11 Tips to Help Identify a Reliable Supplier

When starting your research to identify a new supplier, the knee jerk reaction is to look for the best price to lower cost. However, it is more important to look for the long term value of your partnership with this supplier.


Shaving a few cents off the total cost of a product is no help if the quality is below standard and the component or material does not arrive when you need it.

Looking past the final contract price, here are 11 areas to research prior to making your final decision:

  1. Geo-Political Impacts: While some overseas resources can provide rock bottom prices, the fluctuations in labor relations or political upheaval can leave you without your required product. Be sure to analyze the potential for unrest in the areas you will potentially rely on for the success of your supply chain.

  2. Weather Related Risk: We have all seen hurricanes, tornados, snow, rain, and drought impact communities across the world. The news rarely covers the impact to the supply chain during these events. You do not have the luxury of overlooking this. As you select potential suppliers identify the weather related impacts that are possible and how they could dictate your ability to maintain business as usual.

  3. Manufacturing and Shipping Locations: Depending on your manufacturing requirements you should determine your need for a multi-location supplier or a single warehouse. Obviously, shipping capabilities and associated cost will differ by the number of locations a supplier has to offer. You may be able to negotiate a better price from a smaller business with a single location or string multiple suppliers together to meet your needs.

  4. Product Information: Detailed product descriptions will help you determine if they have the right products for your application. While there are many forms this can take, generally the more the better. If a supplier has taken the time to provide easily accessible product specs, charts, graphs, and CAD Drawings it shows that they value your time and are willing to be as helpful as possible to win and maintain your business.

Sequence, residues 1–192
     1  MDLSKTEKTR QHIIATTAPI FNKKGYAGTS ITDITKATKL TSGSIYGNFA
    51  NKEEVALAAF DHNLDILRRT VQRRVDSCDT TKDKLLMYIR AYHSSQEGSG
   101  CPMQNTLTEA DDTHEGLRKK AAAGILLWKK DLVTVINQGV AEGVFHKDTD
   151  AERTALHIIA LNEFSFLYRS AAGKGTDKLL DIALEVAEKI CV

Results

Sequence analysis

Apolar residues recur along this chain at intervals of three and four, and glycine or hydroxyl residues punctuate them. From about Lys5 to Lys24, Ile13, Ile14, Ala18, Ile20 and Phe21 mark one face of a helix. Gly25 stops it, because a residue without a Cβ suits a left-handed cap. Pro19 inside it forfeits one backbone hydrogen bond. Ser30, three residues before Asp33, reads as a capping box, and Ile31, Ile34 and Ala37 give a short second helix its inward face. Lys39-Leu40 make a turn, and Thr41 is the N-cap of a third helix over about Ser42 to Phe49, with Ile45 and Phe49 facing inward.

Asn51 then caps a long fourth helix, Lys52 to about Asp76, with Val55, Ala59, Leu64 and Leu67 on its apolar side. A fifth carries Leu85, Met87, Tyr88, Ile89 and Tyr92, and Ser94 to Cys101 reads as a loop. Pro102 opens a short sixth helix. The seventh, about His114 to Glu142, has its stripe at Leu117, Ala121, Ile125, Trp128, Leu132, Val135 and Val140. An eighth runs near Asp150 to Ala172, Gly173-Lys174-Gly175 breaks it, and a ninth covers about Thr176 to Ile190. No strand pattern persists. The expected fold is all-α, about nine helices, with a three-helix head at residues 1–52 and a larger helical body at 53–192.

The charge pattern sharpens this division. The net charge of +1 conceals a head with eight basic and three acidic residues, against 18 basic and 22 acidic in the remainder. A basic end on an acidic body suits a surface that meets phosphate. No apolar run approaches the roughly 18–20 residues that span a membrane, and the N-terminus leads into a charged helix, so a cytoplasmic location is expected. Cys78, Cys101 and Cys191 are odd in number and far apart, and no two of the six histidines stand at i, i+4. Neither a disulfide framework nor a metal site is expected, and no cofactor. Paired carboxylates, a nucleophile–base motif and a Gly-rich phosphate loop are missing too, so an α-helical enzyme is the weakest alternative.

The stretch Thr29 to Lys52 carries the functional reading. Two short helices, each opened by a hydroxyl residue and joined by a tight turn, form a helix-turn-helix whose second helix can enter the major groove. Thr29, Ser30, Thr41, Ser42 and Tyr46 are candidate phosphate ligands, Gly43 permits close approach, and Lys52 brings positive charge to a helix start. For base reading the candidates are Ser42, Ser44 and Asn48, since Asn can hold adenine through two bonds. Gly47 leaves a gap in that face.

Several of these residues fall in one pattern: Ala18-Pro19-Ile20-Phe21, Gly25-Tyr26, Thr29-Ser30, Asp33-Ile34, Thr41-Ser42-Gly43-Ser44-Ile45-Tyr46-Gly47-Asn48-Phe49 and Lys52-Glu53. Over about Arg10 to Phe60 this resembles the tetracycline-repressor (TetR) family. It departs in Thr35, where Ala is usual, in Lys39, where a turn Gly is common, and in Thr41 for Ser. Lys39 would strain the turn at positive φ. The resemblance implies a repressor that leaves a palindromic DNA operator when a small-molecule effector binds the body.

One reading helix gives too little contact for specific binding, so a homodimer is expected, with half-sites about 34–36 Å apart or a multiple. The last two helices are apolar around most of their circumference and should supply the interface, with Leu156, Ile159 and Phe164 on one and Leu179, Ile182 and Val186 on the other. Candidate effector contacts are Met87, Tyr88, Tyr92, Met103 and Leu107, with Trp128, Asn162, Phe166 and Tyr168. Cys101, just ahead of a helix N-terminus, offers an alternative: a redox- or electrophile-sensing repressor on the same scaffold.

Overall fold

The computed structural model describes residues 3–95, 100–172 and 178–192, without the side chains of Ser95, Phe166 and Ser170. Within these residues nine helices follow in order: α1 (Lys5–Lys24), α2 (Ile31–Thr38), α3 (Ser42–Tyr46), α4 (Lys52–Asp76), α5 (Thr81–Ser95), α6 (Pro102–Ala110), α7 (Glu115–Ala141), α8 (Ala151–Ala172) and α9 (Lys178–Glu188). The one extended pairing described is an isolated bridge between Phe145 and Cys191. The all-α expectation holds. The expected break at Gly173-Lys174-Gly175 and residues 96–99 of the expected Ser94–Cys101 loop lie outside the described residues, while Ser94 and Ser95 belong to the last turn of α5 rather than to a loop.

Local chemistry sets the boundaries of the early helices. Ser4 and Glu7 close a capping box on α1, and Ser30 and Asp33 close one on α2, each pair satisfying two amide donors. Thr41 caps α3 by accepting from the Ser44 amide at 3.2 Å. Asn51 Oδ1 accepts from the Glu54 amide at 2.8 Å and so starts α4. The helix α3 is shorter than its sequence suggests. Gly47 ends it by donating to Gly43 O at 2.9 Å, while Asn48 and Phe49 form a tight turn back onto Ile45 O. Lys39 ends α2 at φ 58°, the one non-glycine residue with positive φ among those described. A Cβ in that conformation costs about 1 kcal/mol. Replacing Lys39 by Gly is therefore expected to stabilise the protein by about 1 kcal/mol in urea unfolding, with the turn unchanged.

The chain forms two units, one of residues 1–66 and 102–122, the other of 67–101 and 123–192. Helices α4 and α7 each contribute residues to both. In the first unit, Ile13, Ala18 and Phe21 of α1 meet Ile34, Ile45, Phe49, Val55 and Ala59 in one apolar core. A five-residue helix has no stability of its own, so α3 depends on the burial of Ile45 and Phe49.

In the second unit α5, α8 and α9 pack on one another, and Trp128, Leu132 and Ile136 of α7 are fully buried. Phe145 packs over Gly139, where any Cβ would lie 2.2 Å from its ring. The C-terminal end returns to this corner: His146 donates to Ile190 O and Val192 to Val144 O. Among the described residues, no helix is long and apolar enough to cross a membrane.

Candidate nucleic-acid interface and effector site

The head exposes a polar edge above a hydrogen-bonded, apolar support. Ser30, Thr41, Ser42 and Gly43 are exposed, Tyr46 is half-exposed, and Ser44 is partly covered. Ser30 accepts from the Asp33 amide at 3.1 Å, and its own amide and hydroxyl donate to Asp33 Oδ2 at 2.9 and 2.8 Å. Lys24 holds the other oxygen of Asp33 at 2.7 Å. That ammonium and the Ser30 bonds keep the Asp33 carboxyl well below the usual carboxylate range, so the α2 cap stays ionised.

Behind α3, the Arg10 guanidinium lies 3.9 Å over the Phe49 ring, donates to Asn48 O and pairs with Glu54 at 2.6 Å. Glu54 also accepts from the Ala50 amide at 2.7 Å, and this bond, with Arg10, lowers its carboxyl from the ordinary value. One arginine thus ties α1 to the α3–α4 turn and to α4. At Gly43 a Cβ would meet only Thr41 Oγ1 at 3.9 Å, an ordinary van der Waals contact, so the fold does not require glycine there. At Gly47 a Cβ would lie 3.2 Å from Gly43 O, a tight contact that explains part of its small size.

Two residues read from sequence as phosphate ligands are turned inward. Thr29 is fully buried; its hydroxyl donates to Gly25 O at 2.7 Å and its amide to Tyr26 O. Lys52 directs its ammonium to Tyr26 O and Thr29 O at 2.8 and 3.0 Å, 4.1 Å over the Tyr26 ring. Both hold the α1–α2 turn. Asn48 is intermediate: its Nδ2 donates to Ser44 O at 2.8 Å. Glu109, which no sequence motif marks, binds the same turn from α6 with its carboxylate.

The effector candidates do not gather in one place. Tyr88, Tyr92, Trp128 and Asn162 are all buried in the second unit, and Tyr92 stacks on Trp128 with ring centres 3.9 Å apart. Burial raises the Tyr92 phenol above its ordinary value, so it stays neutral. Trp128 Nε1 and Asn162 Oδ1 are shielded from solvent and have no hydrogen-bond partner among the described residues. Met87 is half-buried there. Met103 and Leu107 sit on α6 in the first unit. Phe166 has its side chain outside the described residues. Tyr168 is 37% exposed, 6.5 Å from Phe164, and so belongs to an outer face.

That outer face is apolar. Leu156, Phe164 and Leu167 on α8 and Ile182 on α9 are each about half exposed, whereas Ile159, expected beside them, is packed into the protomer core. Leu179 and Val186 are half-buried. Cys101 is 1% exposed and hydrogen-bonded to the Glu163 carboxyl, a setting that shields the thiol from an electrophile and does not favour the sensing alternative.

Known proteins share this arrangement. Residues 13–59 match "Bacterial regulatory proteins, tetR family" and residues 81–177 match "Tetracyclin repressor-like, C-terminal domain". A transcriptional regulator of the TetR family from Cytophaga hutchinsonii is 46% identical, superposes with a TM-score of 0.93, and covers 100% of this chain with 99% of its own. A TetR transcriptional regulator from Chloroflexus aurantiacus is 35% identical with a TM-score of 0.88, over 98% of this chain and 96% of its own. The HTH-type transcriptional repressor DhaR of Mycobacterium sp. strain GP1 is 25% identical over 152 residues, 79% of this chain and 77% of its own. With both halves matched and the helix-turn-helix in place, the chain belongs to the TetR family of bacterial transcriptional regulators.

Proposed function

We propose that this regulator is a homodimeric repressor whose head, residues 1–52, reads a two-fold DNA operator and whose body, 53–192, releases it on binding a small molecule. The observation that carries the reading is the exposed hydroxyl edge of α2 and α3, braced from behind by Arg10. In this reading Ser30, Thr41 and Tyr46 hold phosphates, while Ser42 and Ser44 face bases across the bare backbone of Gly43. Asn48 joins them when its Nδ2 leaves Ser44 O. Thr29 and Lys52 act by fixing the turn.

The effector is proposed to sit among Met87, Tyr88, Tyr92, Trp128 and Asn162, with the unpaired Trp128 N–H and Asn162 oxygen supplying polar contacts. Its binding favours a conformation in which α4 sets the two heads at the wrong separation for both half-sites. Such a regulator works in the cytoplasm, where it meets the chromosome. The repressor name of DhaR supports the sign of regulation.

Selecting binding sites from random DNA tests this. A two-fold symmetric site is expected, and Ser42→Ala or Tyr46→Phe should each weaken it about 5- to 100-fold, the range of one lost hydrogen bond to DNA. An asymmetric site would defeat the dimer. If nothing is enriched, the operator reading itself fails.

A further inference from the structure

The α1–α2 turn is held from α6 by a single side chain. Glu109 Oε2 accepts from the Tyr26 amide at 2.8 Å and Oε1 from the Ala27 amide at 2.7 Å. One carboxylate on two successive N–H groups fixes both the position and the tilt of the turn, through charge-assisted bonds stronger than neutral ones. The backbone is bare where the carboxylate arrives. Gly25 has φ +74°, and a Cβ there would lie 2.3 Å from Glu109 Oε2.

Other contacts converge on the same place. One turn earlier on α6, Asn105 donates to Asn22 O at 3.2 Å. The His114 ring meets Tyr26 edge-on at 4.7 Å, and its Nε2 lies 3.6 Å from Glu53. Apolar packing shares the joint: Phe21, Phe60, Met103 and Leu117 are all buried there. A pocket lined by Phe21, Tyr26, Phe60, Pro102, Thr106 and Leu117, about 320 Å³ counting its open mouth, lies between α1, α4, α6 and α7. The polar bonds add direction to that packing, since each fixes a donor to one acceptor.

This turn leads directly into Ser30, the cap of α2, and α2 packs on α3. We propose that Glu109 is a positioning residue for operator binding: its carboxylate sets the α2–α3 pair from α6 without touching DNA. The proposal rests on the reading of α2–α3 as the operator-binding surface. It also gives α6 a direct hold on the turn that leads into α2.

5. Accessible Inventory Information: The ability to have transparency of the current inventory your supplier has on hand is a large advantage. It is an indication of their commitment to you as a customer and their ability to provide what you need, when you need it.

  6. Know Their Scalability: Determine how flexible the supplier is when it comes to providing small quantity and high volume orders. If you are looking for smaller quantities or prototypes to start out you will most likely find suppliers that focus on that volume. If you will grow to require extremely large shipments of the product over time, you will most likely outgrow your original supplier selection. Knowing what the growth pattern is for the product you are sourcing before you select a supplier will allow you to partner with a supplier that can grow with you.

  7. Customer Service: Expect the best and plan for the worst. Evaluate the customer service provided by each potential supplier. If you are working in a 24-hour lights out manufacturing capacity that could require a call to supplier at any time of day or night, work this into your research. A deeper understanding of the contract language pertaining to their return policy should be uncovered as well. You do not want to be stuck holding the bag.

  8. Lead Time and Delivery Statistics: Ask for their lead time projections compared against on-time delivery rates. If these cannot be provided then it is a good sign that they are not being tracked or are not very good. Either reason is cause for concern.

  9. Payment Terms: Identify the suppliers that are willing to work with your payment requirements. As the long term need and delivery timelines can dictate PO or Net 30 billing options, don’t be afraid to ask for what you need to run your business appropriately.

  10. Contactable References: As always, a vote of approval from another business that the supplier is working with can speak volumes about their true abilities. While NDAs can cause some difficulties in this area, a supplier should always have a ready list of happy customers for you to contact.

  11. Check Certifications: Most buyers have minimum requirements when it comes to supplier certifications. Each project expands upon the base quality and capability certifications. As suppliers do not always make these easy to find, I have devoted a significant amount of time to creating the ability to research possible suppliers by specific certifications.

While this is not an exhaustive list of parameters you should review when onboarding a new supplier, it will help identify those you can rely on as partners.

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